Education: Holy Ghost Prep, Philadelphia Wireless
First Job: I created a business with my brother when I was nine where we would grocery shop for the older citizens in the community and deliver to their houses. This was my first experience deciding how much to charge for the service I was providing and valuing my worth on an hourly basis. This experience taught me a lot about customer expectations and money management.
First “Real” Job: Warehouse management at Spain’s Cards and Gifts. I learned how to keep product on the shelves and have the store full for customers as well as how important it was to keep the store and work area clean. In Operations, people may not be able to see what you do but they certainly notice when you leave even a small mess. Cleanliness proves to the customer that you care about their equipment and their workplace.
Essential Business Philosophy: How can we be better today than we were yesterday?
Best way to keep a competitive edge: Never stop learning. It is too easy to become complacent and render oneself obsolete. There is always something new to learn, a useful time saver, a new software, new styles of management, etc.
Yardstick of success: Returning customers. We use the term “Operational Brilliance” to express how our teams should present our best efforts each and every day for every customer. These efforts are evident to our client base and help to cement our partnerships.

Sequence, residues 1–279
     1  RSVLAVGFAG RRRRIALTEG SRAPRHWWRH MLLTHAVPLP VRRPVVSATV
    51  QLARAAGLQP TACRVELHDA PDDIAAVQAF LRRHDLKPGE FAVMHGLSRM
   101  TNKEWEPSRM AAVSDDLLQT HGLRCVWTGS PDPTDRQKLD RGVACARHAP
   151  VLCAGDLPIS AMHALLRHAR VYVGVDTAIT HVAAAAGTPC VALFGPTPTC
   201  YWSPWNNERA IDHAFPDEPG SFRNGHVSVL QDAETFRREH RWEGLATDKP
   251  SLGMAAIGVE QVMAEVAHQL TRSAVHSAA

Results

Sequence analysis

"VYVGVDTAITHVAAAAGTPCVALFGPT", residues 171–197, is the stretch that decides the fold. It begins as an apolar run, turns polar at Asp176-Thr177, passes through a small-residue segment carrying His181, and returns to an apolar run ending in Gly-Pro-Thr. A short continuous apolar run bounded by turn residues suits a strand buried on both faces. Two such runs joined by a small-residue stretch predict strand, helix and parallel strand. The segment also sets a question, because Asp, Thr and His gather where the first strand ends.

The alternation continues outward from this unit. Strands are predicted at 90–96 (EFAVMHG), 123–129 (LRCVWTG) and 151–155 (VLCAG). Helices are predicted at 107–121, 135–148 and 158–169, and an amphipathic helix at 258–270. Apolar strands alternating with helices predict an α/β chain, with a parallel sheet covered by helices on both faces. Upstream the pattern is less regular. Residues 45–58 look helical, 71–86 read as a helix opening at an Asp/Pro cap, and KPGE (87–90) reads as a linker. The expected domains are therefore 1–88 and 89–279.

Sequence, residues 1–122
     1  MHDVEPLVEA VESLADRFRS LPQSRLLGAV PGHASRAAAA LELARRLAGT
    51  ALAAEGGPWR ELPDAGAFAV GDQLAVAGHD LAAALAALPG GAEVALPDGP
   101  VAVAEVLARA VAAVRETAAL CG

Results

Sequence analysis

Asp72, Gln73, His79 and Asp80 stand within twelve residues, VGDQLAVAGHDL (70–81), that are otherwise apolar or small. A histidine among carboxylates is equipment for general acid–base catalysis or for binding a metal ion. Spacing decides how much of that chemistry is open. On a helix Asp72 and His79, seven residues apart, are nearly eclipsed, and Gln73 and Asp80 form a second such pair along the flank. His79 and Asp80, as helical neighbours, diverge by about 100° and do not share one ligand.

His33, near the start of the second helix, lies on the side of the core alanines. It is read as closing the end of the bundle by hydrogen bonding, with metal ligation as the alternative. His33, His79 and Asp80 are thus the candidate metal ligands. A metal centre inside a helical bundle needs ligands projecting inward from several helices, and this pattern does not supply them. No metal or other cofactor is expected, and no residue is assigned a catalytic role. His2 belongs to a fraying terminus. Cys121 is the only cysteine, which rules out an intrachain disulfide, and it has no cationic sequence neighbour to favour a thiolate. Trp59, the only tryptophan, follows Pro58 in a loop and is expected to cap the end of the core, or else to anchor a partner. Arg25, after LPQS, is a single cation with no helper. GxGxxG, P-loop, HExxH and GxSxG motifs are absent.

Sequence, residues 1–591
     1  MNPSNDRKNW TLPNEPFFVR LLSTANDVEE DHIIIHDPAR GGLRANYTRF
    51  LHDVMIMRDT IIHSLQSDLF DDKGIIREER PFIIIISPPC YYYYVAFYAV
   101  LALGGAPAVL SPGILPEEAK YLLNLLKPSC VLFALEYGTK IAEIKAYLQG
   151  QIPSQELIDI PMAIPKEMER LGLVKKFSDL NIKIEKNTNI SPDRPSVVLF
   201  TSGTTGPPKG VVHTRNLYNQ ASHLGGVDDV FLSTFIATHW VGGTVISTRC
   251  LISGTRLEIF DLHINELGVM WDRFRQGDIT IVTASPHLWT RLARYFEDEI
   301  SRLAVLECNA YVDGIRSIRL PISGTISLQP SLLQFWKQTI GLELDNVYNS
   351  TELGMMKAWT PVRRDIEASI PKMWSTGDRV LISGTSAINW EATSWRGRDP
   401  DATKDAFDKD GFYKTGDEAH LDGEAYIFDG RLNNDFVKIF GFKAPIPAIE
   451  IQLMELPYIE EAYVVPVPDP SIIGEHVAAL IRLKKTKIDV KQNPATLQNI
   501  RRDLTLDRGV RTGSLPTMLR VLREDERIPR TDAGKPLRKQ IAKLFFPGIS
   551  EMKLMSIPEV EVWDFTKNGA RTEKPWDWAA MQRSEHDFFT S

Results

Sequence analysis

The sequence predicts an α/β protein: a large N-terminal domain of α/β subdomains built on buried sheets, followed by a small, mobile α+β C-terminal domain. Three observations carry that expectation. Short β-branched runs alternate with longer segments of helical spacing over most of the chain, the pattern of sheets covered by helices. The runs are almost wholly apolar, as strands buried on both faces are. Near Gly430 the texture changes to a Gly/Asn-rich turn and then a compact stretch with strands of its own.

Goal yet to be achieved: I am focused on improving my communication skills. Effective communication is critical in leadership positions so I have been taking courses and reading strategies for public speaking and better ways to deliver my message. I don’t think this is an “attainable goal” but I am working towards constant improvement.
Best Decision: Joining the IMS team. I had the opportunity to join IMS earlier in my career but the timing was not right. I joined at just the right time to help the company’s continued growth and IMS allowed me to put into practice some of my ideas and processes which helped expand that growth.
Worst Decision: Can there be a worst decision if it taught you a valuable lesson? If we are discussing poor decisions where I did not learn a lesson then I would say my worst decision was ignoring advice from my parents. I have squandered my chance to use them as a resource and there are many times when I wish they were still here to discuss life’s varied issues.
Toughest Decision: Giving up my job in order to return to school full time was a difficult choice but the correct choice in the long run. I have learned that short term goals rarely pay higher dividends than long term strategies.
Mentor: There are a few. My Father who taught me electronics from an early age and was always a pillar of support.. Neil Nielsen from Granada North America who taught me what makes a good manager as he was one of the best. Keith Moss who helped me to communicate in a different style and demonstrated how to manage staff in a more effective way.
Personal Interests: I enjoy spending time with family, going to concerts, billiards, playing poker, reading, playing guitar and learning new management techniques